Nowadays politicians’ favorite mantra seems to be “lower taxes.” Corporate taxes. Estate taxes. Taxes on millionaires. Taxes on working folks. The We-Hate-Taxes leadership in Washington says “cut ‘em all.”
This “No New Taxes” routine (with a little “No Old Taxes, Either” tacked on) has one glaring exception: A big tax increase on folks who are broke. The Bankruptcy Bill President Bush signed into law last week raised the fees on every family that files from $155 to $200.
What, you thought no one below median income would suffer? The new taxes, like almost every other provision in the bill, apply to everyone — no matter how low their income.
The (public) reason was to pay for 28 new judgeships created by the bill, but the numbers are a little off. The government estimates the five-year cost of the new judges at $25 million, but the government puts the five-year net revenues (from the fee increase alone) at about $150 million.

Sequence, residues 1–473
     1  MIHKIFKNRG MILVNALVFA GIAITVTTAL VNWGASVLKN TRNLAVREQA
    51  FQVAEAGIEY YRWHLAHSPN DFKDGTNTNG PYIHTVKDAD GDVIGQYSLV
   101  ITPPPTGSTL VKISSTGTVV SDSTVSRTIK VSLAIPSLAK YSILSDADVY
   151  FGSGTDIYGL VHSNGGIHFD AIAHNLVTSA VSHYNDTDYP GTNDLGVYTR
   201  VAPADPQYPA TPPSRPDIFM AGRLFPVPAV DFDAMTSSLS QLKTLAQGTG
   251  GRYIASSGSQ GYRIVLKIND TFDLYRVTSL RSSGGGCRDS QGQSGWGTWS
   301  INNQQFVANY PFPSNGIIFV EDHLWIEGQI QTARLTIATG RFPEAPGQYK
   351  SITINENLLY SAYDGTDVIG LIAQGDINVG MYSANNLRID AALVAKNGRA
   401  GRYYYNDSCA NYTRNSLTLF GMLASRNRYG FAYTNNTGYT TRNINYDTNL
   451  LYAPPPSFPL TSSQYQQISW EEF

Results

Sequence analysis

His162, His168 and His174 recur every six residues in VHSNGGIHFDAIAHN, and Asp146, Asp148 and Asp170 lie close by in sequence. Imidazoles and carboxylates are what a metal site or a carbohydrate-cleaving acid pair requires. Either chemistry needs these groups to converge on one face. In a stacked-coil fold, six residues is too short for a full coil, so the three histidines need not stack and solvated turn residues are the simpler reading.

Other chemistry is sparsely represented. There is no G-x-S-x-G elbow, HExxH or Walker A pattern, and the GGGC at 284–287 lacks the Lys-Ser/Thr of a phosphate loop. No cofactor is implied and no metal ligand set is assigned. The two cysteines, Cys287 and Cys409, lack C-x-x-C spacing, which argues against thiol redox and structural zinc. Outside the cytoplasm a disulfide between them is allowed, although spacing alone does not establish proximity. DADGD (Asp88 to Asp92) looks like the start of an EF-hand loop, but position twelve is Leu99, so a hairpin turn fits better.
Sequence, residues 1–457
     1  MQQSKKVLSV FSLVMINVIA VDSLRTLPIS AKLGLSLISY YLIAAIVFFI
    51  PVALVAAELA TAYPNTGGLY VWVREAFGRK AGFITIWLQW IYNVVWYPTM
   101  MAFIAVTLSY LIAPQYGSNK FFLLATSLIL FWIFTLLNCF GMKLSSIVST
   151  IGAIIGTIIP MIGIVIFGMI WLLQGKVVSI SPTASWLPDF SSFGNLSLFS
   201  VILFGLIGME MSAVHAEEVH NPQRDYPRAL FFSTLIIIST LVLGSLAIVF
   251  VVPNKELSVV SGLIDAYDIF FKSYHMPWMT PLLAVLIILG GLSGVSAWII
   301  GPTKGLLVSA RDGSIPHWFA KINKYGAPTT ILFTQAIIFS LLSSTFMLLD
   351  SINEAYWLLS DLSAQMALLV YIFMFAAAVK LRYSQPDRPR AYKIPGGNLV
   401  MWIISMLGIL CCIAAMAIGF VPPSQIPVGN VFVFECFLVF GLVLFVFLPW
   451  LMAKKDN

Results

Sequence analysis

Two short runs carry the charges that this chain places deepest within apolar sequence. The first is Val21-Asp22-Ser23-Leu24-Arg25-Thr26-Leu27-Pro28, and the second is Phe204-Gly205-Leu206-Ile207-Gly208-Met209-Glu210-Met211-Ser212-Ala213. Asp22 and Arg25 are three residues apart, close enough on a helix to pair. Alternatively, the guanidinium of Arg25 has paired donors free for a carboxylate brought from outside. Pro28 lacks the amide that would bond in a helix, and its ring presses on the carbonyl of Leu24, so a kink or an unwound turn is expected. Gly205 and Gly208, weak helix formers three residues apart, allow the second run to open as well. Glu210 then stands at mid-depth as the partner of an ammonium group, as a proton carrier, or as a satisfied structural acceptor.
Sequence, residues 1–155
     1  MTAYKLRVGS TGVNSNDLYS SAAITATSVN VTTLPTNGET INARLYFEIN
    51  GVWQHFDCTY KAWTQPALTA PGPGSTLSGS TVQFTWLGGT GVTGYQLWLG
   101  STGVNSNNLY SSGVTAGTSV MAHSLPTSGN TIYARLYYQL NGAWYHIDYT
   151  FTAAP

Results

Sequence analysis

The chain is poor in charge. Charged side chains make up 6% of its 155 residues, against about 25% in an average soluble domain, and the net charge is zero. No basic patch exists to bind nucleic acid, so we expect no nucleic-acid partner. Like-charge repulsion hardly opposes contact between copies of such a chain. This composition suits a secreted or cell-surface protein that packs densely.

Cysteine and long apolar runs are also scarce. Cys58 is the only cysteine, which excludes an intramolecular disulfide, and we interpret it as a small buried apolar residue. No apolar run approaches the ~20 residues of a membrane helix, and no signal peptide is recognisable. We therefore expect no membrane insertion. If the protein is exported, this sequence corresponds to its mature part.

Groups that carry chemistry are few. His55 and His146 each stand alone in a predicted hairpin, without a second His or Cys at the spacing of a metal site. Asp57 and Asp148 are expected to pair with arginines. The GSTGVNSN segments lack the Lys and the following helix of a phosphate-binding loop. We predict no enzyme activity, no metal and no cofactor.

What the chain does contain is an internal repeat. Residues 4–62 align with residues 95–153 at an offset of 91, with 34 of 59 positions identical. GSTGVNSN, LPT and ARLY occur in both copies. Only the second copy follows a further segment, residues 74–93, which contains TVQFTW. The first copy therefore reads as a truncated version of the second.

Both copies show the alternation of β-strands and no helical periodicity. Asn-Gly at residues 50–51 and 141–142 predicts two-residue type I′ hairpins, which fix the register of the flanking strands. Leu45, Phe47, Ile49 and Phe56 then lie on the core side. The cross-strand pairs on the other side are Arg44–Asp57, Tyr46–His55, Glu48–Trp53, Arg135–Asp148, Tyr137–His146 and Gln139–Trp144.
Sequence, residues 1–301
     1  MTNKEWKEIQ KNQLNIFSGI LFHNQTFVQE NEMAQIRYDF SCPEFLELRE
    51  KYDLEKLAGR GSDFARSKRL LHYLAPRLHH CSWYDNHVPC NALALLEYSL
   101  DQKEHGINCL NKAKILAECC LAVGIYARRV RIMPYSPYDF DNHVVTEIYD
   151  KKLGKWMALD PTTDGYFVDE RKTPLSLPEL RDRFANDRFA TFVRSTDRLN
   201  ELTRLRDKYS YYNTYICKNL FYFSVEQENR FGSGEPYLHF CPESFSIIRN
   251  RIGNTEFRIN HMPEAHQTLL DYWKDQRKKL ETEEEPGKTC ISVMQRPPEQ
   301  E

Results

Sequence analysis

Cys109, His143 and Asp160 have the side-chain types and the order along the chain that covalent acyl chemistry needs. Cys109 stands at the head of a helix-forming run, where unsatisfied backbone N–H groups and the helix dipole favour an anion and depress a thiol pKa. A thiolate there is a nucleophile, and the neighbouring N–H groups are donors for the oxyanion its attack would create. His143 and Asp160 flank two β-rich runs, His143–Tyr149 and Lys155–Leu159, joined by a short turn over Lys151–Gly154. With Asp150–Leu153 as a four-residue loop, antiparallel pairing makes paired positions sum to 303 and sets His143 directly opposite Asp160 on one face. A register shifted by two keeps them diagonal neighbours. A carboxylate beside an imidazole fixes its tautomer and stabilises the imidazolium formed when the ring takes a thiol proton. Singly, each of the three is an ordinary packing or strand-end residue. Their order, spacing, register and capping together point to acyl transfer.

So will the fee be lowered? Of course not. That money will go where taxes usually go — straight to the general revenue coffers — fresh from the hides of people in desperate financial trouble.
Congress has kicked these families when they are down by passing a harsh new bankruptcy bill, and then kicked them again with a tax to fatten general revenues. Get sick? Lose your job? Trying to save your house? Boy, have we got a tax for you.